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Problems with Steel Core Strings
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Fort Lauderdale
October 24, 2011 - 11:14 pm
Member Since: September 26, 2010
Forum Posts: 13271

I often get asked about which type of string is best and which strings I prefer. One of the problems with steel core strings is that they are not as flexible as synthetic or gut core strings and because of this they are sensitive to hard and strong playing. When you draw the bow over strings you are pulling the string thus adding tension to the string resulting with the pitch rising which makes it much more difficult to play in tune.

Another characteristic of the common steel core strings is that the sound is not warm and with some instruments can sound metallic.

I recommend choosing perlon or high quality gut core strings over steel core. The lower the string the more it is affected by bow pressure pitch changes. E strings are too thin to be made of anything else and not much affected by bow pressure since the pressure on those strings is high to begin with.  Steel "A" strings also work well for the same reason. D, G and C strings  need  to be more flexible. Great gut core strings are very expensive and not necessarily good for your instrument. Many instruments crave the added tension from certain perlon strings for producing a strong sound.

"The richest person is not the one who has the most,
but the one who needs the least."

Russia, Tatarstan rep. Kazan city

October 25, 2011 - 4:52 am
Member Since: October 7, 2011
Forum Posts: 2849
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Thanks for the video, FiddlerMan! That explains why i have to move fingers back, when play dynamics..

Checked, wrote down.. perlon.. good core..


Fort Lauderdale
October 25, 2011 - 10:12 am
Member Since: September 26, 2010
Forum Posts: 13271

Barry said:

my 2 cents.  If the classical styles are your thing, then by all means use the perlon core strings. But for fiddle styles most players choose steel core for the tone.

Some classical violinists do too Barry. Some intruments need that additional tension. They do make perlon strings with more tension btw. If you want more volume the first thing you should try are the "Hard", or "Stark" choices of the perlon strings.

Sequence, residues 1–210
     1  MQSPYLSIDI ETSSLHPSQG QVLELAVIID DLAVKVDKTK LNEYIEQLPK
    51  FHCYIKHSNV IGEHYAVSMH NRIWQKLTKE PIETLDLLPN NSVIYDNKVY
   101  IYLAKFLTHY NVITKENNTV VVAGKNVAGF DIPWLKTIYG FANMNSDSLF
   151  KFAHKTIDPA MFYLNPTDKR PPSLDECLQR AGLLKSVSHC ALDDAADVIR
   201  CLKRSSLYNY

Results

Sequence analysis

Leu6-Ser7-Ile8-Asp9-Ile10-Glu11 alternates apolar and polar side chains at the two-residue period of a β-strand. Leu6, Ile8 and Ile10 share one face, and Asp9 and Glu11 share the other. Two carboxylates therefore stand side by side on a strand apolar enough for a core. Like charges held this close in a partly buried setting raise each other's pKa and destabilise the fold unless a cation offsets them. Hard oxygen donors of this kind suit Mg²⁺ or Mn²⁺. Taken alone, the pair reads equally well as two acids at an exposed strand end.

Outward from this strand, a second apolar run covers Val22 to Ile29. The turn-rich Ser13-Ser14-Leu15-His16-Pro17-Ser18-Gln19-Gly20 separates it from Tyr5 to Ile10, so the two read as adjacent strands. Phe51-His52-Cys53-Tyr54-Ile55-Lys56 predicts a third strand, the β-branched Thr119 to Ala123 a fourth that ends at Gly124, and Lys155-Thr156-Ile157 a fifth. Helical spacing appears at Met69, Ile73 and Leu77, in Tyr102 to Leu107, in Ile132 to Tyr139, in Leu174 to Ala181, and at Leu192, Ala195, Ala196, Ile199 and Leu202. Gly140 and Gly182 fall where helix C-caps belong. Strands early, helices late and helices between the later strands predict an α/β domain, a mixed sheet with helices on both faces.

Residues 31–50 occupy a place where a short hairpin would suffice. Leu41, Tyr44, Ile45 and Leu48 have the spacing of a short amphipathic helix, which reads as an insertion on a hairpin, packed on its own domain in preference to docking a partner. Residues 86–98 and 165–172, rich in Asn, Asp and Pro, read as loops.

Fiddlerman once made the comment that fiddlers use steel because they are inexpensive, but thats not true. Many famous fiddlers use steel for the tone and responce . Also steel is chosen for its volume properties as a fiddler is usually the only violin in the group compared to the many violins in an orchestra.

All about personal choice.


I don't remember saying that about fiddlers (BTW, I call all violinists fiddlers regardless of the style of music. I'm a fiddler) but I probably was probably just trying to say that steel strings are cheaper.

Lastly, some violins need the added tension that steel core gives, alternatively heavy, stark, gauge of perlon strings to get more volume but other violins choke. I have tried quite a few different steel core strings to get more volume. My fiddle won't get louder with steel core. I strive to have the strongest fiddle around. I've played concertos with symphony orchestras and need to be equal in volume to the whole orchestra and be heard all the way in the back of great big halls. Same thing with chamber music in small groups in big halls. It is very important for me than to have a strong enough sound to be heard when I need to. Also, I have played with a lot of fiddlers. I love to play bluegrass, country, blues, Irish, and I wish I had played more of it as well. I have never met a fiddler that can match my volume.


I took the steel core strings off the CVN-200 and put my used Obligato strings on it before sending to gStretch and the volume was quite a bit more on that fiddle as well plus it was possible to play strong and stay in tune.

"The richest person is not the one who has the most,
but the one who needs the least."

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